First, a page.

“He’s such a narcissist” – a phrase you’ve most probably heard someone you know say. It is interesting to me how the narcissistic personality has come to symbolise what’s wrong with the modern world. The term has been thrown about a lot more since social media has taken over and it was possibly at its zenith just after Trump was elected. Hot on the lips of so many, but do we really know what it means and how it’s a problem?Read More
The other day I wrote a post asking the question “Does the desire to be great keep you up at night?”, which was inspired in part by my own thoughts and worries but also out of interest for whether anyone else felt the same or differently, and how such thoughts could be combated or overcome.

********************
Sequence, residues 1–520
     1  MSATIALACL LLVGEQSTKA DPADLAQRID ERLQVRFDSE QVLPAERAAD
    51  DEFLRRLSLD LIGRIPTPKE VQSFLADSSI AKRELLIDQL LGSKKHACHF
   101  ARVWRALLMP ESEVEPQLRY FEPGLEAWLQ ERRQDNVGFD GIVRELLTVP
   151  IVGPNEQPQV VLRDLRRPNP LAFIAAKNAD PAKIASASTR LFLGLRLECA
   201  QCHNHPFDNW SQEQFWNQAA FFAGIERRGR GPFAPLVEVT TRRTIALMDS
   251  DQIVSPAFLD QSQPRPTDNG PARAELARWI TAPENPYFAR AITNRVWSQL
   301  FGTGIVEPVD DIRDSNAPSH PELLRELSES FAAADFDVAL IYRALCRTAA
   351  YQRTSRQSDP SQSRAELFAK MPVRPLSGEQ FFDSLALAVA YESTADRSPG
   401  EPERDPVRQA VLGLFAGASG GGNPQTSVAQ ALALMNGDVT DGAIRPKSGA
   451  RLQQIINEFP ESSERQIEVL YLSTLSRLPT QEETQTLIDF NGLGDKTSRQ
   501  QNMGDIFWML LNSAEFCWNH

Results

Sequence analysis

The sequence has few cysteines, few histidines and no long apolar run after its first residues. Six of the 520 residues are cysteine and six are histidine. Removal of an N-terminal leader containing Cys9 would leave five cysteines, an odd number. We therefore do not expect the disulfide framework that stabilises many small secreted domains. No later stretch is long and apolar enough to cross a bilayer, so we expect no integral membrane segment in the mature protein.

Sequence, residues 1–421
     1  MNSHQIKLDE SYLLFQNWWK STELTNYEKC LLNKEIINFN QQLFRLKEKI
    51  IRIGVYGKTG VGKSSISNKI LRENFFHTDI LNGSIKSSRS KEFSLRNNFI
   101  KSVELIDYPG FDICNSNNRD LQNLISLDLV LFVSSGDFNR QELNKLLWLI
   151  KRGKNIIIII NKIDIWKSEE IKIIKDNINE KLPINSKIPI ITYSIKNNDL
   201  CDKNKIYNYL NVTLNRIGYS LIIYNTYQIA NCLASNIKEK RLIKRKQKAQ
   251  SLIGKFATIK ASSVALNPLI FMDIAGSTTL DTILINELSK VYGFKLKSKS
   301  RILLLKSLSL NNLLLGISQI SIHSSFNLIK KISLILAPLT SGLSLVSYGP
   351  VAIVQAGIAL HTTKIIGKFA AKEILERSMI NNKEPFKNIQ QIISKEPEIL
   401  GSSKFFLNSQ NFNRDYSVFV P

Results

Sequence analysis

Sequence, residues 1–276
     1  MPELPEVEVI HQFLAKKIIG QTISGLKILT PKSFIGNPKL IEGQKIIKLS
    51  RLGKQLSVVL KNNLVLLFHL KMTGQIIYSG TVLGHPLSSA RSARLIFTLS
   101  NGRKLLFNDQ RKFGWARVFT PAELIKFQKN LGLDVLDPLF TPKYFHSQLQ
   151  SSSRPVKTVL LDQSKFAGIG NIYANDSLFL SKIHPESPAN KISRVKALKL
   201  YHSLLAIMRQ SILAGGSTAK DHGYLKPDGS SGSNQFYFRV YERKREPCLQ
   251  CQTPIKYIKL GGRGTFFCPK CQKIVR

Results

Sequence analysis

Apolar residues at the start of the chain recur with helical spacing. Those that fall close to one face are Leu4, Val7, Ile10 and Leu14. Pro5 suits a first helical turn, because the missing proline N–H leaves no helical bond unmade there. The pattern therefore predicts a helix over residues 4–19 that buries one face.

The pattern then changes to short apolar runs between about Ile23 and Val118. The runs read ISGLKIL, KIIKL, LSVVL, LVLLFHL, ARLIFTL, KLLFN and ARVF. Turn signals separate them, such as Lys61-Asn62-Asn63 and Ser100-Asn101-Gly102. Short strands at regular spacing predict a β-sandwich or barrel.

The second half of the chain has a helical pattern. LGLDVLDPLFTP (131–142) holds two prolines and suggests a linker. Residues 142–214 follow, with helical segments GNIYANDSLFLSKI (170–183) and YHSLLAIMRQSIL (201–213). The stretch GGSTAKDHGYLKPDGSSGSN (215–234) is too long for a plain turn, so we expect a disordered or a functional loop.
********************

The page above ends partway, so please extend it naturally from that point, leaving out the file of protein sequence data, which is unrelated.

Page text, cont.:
As it turns out, many people feel similarly but usually they have some pretty robust rationalizations that protect them from feeling despair. For example, on twitter, there was a discussion around finding meaning and value in what you do, whatever it is. The idea being that this angst I spoke of is not necessarily part of the package and can be reduced or abolished via acceptance.
A few people picked up on the fact that I used the word “fame” and felt that this meant that I was searching for some kind of public recognition when in actual fact I was just using it as an example of what society places importance in and therefore one of the signifiers of when someone has “made it” in their respective field.
But this week I came into contact with new material that made me re-think my whole question and this time conceptualize it through the lens of gender and feminism. Is it possible that these feelings are uniquely female and do they have something to do with the challenges and pressures women feel in our modern times?